WELLMAN — Iowa’s tile-drained farms are notoriously “leaky systems,” by nature unable to contain all the nutrients both applied to them and inherent in their rich soil.
But Washington County farmer Steve Berger, through a sustained and disciplined regimen of no-till cultivation and cover crops, has plugged almost all the leaks.
“He’s got it down. He’s a superstar,” said Jody Bailey, coordinator of the English River Watershed Management Authority, of which Berger is a board member.
“He definitely sets a good example,” virtually eliminating erosion and substantially curtailing nutrients leaving his fields, said Adam Kiel, state water resources manager for the Iowa Soybean Association.
Nitrate concentrations last year in water leaving Berger’s tile lines were 31 percent lower than the average of all monitored in southern Iowa and 51 percent below the statewide average, Kiel said.
Berger’s impressive results have been accomplished not on a hobby farm or test plot but on a sprawling commercial enterprise encompassing 2,200 acres of corn and soybeans and 20,000 farrow-to-finish hogs each year.
Berger said his fields have not been tilled since the 1970s, when his dad, Dennis Berger, adopted no-till cultivation, and all of them have been blanketed with cereal rye cover crops from fall to spring since the 1990s.
“With no-till alone, we weren’t getting the job done,” Berger said.
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The slopes on Berger’s fields are interrupted by 14 miles of tile inlet terraces, which collect and drain excess water before it can roll destructively downhill.
Berger has taken many photos after heavy rains showing severe gully erosion on neighboring farms ending abruptly when the water enters his fields. The cover crops have enhanced the fertility of his soil, increasing his corn and soybean yields more than enough to cover the additional expense — from $25 to $30 per acre — of planting the cereal rye, Berger said.
His corn yield last year exceeded the 190-bushel Washington County average by 45 bushels per acre, he said.
“Conservation pays for itself, but it’s a longer term deal. It takes some patience,” he said.
Bailey said Berger’s financial success while integrating conservation practices has gotten people’s attention.
“The soil never lies. You improve your soil, and you will improve your crops,” said Berger, who recently received the top conservation honor bestowed by the American Soybean Association, its National Conservation Legacy Award.
Berger said the combination of no-till and cover crops has increased the organic matter in his soil by about 0.1 percent a year.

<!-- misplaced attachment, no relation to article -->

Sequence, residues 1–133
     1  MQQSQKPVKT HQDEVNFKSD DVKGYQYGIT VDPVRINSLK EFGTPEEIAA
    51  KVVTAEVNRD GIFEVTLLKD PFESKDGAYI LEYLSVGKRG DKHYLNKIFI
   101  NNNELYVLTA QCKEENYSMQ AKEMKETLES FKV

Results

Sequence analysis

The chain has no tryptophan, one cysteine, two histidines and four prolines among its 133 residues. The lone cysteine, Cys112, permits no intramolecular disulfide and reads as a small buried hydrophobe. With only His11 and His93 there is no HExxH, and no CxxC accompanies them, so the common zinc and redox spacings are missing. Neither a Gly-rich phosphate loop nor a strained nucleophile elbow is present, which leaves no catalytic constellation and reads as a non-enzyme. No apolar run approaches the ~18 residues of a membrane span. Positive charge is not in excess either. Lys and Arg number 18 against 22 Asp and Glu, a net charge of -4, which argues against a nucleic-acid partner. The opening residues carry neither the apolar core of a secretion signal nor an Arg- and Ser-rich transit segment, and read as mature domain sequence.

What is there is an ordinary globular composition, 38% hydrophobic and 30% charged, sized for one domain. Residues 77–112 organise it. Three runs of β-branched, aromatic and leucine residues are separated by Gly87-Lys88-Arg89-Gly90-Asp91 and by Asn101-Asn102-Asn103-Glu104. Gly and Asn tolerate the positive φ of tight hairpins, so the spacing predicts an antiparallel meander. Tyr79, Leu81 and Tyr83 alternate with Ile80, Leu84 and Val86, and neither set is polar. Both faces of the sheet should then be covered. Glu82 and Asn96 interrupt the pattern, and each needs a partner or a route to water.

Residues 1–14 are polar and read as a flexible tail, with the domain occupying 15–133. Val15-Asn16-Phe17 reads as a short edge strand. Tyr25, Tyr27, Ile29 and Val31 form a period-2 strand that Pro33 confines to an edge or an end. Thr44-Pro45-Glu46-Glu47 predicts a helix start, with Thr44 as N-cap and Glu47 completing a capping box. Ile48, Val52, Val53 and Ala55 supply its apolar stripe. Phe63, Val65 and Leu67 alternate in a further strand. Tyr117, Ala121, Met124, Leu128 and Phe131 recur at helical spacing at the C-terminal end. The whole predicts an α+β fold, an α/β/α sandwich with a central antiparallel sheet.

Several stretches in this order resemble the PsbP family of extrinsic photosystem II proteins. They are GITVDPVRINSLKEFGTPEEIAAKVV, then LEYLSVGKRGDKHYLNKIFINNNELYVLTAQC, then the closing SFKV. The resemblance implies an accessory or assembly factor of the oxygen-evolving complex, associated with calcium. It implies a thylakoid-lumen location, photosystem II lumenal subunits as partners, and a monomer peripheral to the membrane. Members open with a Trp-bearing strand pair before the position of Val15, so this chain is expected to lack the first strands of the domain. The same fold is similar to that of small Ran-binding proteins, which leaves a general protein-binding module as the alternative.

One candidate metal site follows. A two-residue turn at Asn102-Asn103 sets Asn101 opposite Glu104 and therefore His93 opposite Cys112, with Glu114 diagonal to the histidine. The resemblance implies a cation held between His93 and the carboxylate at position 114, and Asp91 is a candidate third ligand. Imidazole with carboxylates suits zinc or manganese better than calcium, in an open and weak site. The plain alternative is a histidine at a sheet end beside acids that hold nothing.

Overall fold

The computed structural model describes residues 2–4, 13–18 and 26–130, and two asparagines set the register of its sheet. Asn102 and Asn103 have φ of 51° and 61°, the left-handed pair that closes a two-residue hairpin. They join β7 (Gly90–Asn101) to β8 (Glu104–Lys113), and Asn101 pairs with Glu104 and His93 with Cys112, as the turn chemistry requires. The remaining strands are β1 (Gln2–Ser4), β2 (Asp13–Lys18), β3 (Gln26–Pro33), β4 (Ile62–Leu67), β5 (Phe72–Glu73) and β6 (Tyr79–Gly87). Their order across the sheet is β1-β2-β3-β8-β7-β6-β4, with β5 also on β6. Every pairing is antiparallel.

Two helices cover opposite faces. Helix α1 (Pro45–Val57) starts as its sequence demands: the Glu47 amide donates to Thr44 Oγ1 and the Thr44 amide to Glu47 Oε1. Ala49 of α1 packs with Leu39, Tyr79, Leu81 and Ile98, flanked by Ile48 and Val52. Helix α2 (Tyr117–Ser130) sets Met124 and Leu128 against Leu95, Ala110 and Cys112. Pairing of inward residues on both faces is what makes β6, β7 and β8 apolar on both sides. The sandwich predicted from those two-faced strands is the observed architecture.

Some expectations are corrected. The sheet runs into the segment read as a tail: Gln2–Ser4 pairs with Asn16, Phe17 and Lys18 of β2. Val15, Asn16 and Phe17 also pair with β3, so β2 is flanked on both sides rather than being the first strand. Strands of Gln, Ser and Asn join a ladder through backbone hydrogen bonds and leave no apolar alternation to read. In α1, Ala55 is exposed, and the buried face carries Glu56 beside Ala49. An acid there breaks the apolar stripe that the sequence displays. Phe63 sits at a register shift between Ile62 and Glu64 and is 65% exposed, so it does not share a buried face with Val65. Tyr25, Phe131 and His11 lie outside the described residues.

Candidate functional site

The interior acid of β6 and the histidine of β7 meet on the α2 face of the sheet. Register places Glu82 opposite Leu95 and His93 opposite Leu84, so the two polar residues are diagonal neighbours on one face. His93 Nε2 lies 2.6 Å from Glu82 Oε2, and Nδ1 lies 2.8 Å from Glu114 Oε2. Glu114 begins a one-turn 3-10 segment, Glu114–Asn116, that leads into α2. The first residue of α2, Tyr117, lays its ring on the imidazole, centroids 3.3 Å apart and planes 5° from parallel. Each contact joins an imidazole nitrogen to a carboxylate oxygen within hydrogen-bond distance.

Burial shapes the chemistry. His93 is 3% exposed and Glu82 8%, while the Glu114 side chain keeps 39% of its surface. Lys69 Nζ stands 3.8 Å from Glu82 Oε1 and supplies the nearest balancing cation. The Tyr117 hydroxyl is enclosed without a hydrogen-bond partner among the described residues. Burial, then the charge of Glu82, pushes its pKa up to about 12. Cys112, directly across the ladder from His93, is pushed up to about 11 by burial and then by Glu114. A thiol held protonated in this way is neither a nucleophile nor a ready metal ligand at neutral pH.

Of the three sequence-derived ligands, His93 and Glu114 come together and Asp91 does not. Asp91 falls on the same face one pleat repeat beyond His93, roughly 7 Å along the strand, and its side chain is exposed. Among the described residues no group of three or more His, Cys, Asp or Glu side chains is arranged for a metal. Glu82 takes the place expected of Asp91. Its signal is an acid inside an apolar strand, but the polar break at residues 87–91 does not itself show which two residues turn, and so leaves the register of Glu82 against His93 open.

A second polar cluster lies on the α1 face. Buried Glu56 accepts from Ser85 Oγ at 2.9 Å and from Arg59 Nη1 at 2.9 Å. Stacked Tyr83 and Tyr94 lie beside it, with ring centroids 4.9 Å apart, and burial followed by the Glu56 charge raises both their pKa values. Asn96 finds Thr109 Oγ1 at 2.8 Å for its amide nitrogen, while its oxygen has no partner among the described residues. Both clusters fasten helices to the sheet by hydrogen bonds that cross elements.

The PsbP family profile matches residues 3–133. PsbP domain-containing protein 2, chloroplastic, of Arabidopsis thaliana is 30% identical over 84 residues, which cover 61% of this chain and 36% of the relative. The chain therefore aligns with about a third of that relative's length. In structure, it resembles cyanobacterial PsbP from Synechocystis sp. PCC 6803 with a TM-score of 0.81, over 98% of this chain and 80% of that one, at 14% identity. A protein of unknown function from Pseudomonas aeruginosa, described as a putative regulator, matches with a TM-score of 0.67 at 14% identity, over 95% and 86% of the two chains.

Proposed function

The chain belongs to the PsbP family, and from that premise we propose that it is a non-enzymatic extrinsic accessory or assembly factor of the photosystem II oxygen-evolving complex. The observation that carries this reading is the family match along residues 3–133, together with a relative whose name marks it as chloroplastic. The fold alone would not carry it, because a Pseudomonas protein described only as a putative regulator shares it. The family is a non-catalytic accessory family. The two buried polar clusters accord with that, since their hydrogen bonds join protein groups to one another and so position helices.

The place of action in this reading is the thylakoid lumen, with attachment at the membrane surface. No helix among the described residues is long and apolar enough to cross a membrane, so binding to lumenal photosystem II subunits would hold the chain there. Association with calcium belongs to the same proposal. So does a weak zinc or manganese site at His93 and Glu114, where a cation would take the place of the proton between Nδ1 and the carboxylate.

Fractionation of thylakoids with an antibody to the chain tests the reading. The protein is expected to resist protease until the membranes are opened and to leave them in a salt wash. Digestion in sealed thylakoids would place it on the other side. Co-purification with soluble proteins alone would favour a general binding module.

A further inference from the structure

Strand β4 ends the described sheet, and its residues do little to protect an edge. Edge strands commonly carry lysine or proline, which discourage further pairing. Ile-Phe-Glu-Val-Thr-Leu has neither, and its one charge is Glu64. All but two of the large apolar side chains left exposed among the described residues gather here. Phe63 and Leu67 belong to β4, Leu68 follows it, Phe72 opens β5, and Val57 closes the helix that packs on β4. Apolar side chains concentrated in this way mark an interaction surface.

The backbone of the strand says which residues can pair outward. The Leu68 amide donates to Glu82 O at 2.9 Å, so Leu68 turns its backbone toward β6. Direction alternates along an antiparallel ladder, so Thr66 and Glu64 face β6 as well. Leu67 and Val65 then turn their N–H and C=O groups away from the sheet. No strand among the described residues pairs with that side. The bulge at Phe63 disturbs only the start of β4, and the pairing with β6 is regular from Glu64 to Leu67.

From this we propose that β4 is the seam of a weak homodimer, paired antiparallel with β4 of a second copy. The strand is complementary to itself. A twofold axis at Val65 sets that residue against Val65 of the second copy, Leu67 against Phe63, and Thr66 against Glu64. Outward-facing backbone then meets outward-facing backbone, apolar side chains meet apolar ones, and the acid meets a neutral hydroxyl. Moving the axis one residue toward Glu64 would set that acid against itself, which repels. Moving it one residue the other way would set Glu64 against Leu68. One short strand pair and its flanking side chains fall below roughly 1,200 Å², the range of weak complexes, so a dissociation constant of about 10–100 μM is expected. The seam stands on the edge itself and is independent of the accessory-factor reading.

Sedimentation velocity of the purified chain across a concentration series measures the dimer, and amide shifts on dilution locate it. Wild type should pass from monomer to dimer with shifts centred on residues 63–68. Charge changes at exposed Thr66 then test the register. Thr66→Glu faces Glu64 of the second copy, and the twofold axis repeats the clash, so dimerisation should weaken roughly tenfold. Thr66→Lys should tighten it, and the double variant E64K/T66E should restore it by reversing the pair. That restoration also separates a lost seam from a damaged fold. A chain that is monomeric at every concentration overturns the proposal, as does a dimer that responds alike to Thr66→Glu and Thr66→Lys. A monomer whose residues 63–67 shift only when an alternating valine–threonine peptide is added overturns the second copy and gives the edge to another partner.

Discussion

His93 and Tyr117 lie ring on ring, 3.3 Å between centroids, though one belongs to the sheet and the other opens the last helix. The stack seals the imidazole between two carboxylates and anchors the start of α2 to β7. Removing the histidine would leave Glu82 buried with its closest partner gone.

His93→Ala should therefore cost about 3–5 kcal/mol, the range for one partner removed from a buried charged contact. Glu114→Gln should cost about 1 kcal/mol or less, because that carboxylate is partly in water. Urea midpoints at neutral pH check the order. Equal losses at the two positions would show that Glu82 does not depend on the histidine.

Regular soil probes on a 2.5-acre grid have documented the gains in organic matter, which now range from 3 to 4 percent in most portions of Berger’s fields.
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Along the fence rows, which have never been tilled, the concentration of organic matter jumps to 6.6 percent — almost double the concentration in the cultivated portions of the fields.
“That’s virgin soil. That’s never been touched. That’s what we are shooting for, but of course we can never bring it back to where it was,” Berger said.
Berger recently dug a 4-foot-deep trench in one of his fence rows to illustrate what virgin soil looks like.
From top to bottom it consists of black and crumbly soil clumps that Berger likens in consistency to cottage cheese. Air and water circulate freely in the spaces between the clumps, and the roots of the brome grass growing atop it penetrate to the depths of the hole.The no-till/cover crop combination has also changed the biology in the top foot of his soil. “It’s more conducive to the fungi, bacteria and other microorganisms” that help plants acquire nutrients and protect against pathogens, he said.
Manure from the 20,000 hogs Berger raises each year provides much of the nutrients for his corn and soybeans while also contributing to the annual gains in his soil’s organic matter content.
Berger said the elevated levels of organic matter and the increased pore space enable the soil to hold more water, which makes it more resilient both in times of drought and excessive rainfall.
The soil’s capacity to absorb water not only improves crop yields but also makes it less vulnerable to erosion, he said.
Berger, who’s in demand for workshops and seminars, also recently received the Spencer Award for Sustainable Agriculture from the Leopold Center for Sustainable Agriculture at Iowa State University.
“When he talks, people listen,” Bailey said.